Archaeology report on connector faces state, federal review

By Thomas Wilson
STAR STAFF
twilson@starhq.com

   Tennessee Department of Transportation officials are not making public an archaeological study detailing historical finds along the Northern Connector corridor for fear would-be Indiana Jones types might seek out the European and American Indian artifacts listed in the report.
   Travis Brickey, public information officer for TDOT in Knoxville, said on Wednesday that the department had received the initial report last month. He said the study had not been released publicly due to "confidentiality issues" contained in the report pertaining to colonial and American Indian artifacts discovered by project engineers.
   "We are very concerned and want to keep the sites as natural as possible," said Brickey.
   The Alexander Company conducted the survey to identify archaeological sites to evaluate the significance of the sites possibly affected by the project. Archaeologists discovered artifacts including chipped stone tools like arrowheads, scrapers/knives/drills, flakes of flint, and broken pottery while surveying the highway's corridor in May 2003. The discoveries effectively stopped development of the highway project late last year.
   Brickey said the department would review the initial report for accuracy and if necessary re-submit it to the consultant firm for revisions. Once the revised report is returned to TDOT, the study faces reviews by cultural agencies at the state and federal levels.
   State Rep. Jerome Cochran said a TDOT official told him and Sen. Rusty Crowe, R-Johnson City, on Wednesday the archaeological report had been completed and would be forwarded to the state's Historic Preservation Society. If that agency approves the report, it will be sent to the federal Indian Tribal Commission for review.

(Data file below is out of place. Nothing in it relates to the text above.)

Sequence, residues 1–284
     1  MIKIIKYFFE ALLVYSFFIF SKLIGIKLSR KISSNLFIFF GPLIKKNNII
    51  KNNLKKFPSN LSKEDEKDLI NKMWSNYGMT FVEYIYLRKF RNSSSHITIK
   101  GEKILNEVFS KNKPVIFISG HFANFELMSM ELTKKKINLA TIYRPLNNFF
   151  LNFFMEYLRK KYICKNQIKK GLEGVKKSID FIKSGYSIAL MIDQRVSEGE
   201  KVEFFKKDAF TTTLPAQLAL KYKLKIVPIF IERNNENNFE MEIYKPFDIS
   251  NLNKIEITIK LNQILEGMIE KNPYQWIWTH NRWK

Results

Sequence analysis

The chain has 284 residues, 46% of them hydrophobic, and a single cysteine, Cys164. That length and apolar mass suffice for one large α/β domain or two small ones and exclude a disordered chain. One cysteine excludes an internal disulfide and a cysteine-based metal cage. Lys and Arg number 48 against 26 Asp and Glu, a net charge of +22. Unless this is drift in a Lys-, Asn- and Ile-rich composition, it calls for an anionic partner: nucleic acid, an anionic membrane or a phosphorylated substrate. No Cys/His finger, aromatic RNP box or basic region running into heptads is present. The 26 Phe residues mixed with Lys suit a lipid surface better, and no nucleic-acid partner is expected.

Both agencies normally have 30 days to review the study, Brickey said.
   Cochran said the transportation official he spoke with indicated an American Indian burial ground was discovered within the corridor. He also said barring further delays, the project should resume this year.
   "Once approval is gained then the federal government will allow work to resume," he said. "It is our hope that all of this will be completed by late summer or early fall and then land acquisition can begin."
   The $28 million northern connector project extends five miles beginning on West Elk Avenue near the Veterans of Foreign Wars Post #2166 to the U.S. Highway 19E and State Route 91 intersection. The highway will cross the Watauga River and include the construction of at least two bridges, including the Bristol Bridge at Lynn Avenue. Construction on the connector project was expected to begin this year.
   Brickey said the archaeological firm identified "multiple sites" in the report, but did not specify an exact number of finds. He said a full environmental impact statement on the corridor would include the archaeological report but exclude "sensitive" site locations.
   "We are hoping to have an agreement sometime in the fall," Brickey said. "It is a process, it's just a slow process."
   Cochran, R-Elizabethton, said development of the Gap Creek Road, or Southern Connector, expansion had actually moved ahead of the Northern Connector due to the delay. Engineering work on the Southern Connector is nearly completed, according to TDOT. Land appraisal of 52 properties affected by the project is expected to begin next month. Cochran said property acquisition for the Gap Creek Road expansion could start in September.
   The 5.8-mile Gap Creek Road expansion extends from State Route 361 to State Route 67, and reconstructs the roadway to widen traffic lanes and include a turning lane at some points. Total project cost is $13 million.
   Transportation department officials have also pushed back the completion date of the State Route 91 highway expansion until late fall. Bid at $11.5 million, TDOT officials targeted the Stoney Creek highway for completion in June.
   "TDOT is anticipating that the project will be fully completed by November," said Cochran, "and the residents of Stoney Creek will no longer be seeing the decorative orange barrels along the road."
   Extending 5.8 miles from Maury Price Road to Panhandle Road, the project opens a five-lane highway including a turning lane through the Hunter and lower Stoney Creek communities.